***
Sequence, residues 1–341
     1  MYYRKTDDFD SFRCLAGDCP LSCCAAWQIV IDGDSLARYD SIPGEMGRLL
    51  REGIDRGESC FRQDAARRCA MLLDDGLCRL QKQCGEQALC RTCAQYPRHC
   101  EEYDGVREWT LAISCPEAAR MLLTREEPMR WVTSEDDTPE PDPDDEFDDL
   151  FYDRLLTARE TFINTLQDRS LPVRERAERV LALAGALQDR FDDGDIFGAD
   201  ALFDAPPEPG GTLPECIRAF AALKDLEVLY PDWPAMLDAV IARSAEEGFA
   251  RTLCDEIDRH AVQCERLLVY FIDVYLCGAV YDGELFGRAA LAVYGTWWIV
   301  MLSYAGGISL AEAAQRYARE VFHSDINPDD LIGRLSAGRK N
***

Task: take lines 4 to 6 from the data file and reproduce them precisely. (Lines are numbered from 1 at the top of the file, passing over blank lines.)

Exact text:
   101  EEYDGVREWT LAISCPEAAR MLLTREEPMR WVTSEDDTPE PDPDDEFDDL
   151  FYDRLLTARE TFINTLQDRS LPVRERAERV LALAGALQDR FDDGDIFGAD
   201  ALFDAPPEPG GTLPECIRAF AALKDLEVLY PDWPAMLDAV IARSAEEGFA